Today’s titled historical offering borrows a bit of lingo from fisticuffs, or The Fancy [Early Boxing] circa. 1780.
A Facer was a “blow to the face.”
Whereas a “Muzzler” is an early term for an upper-cut.
Today’s historical look-back is less about vocabulary than about a bit of lost tactical advantage when it comes to the use of the muzzler.
First, let’s look to today’s upper-cut. It is crisp, sharp, cleanly-thrown and cleanly landed [if we’re lucky.]
If we are throwing it well we have set it up with a wisely chosen preceding blow that masks our upper-cut intent as there is no punch more unforgiving than a poorly set-up upper-cut, or God forbid, an upper-cut thrown without set-up at all.
The upper-cut of today is primarily an inside tool, that is, thrown from close-quarters, and in MMA, absolutely legal and wise to throw from the clinch.
If we are throwing from the outside, it is wisely thrown from the Bridge, that is, the blurry ground between outside sharpshooter tools and inside-the-phonebooth throw down. [Those too young to know what a phone booth is, well, just picture fighting in a broom closet and you’re on the same page.]
If we are throwing from the bridge, particularly if we are throwing from the bridge, the set-up is key to hide our intentions.
Let’s wind back the historical clock to have a look at some wickedly intelligent set-ups of the muzzler.
The muzzler was set-up then, as now, with a preceding blow, but in our 17th-18th century time machines we see alternate facers being used over the strict use of the fist.
The muzzler is often preceded by what looks like a forearm brace or forearm facer that actually makes contact. [I would direct you to RAWs 182 & 183 for Drills & Applications and also to our blog entry on “Fisticuffs.”] The ulna, or outside edge of the forearm actively follows a caulking step to make inward and upward contact. [Perfectly legal then, not so much now in boxing for obvious reasons.]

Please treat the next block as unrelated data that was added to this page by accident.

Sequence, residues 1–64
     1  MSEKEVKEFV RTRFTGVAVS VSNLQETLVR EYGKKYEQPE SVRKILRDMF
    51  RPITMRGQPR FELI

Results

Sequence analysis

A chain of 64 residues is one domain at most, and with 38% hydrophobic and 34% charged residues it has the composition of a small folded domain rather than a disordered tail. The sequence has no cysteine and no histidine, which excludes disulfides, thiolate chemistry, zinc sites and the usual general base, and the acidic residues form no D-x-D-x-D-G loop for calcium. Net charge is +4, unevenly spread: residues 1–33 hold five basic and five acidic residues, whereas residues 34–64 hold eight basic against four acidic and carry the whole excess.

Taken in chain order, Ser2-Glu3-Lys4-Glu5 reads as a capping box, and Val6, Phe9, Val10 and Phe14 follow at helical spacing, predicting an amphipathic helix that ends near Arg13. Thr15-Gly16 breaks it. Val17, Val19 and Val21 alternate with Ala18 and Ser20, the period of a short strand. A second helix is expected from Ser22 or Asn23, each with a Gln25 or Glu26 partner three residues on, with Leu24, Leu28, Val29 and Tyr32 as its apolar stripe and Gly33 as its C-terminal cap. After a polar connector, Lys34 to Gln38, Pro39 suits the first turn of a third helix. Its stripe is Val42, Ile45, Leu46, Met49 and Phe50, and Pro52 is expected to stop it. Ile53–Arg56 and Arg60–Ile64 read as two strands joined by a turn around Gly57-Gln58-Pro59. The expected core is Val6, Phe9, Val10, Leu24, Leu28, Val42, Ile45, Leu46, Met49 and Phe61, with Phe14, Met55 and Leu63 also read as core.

|A Morion Helmet|
The facer has a four-fold use.
· A Bridge Set-Up to mask the blow.
· A balance-disruptor to put the opponent on their heels stealing power and speed from counter-blows.
· A damaging blow in and of itself as that ulnar-blade can do some mighty wicked damage.
· And as a defensive aid as the “setting an opponent on their heels” does much of the magic, but the ability to bury the head into the facer acts as a form of protection much as a bit of armor in the morion mold.
Actually, there is an additional sneaky 5th use that we’ll hold-back for RAW Subscribers.
The facer or brace began to fade away as kinder and gentler rules were adopted but we can still see its remnant in many boxers of the early 20th century. One can look to instructional materials as late as 1943 to see the forearm held in facer position as the upper-cut is fired. In these later uses it is purely defensive as the facer is not intended to make contact.
The facer of old, now that was intended to make contact, and HARD contact at that.
I suggest working the uses of the facer on the heavy-bag and be a bit careful about applying this with mitts or in sparring as it will do some Damage with a capital D.
I always use a face-shield when doing mitt-work when we are developing facers as it is hard to disguise or mitigate the wallop.
For pure boxers, this is a bit of historical fun. For street-work, a bit of MMA meanness, and old-school enthusiasts the facer with your muzzle is a bang-up wistycastor. [Powerful Blow.]
[See RAW 182-183 for Facer & Muzzler Work. See theRAW Subscription Service for all things old school evil.]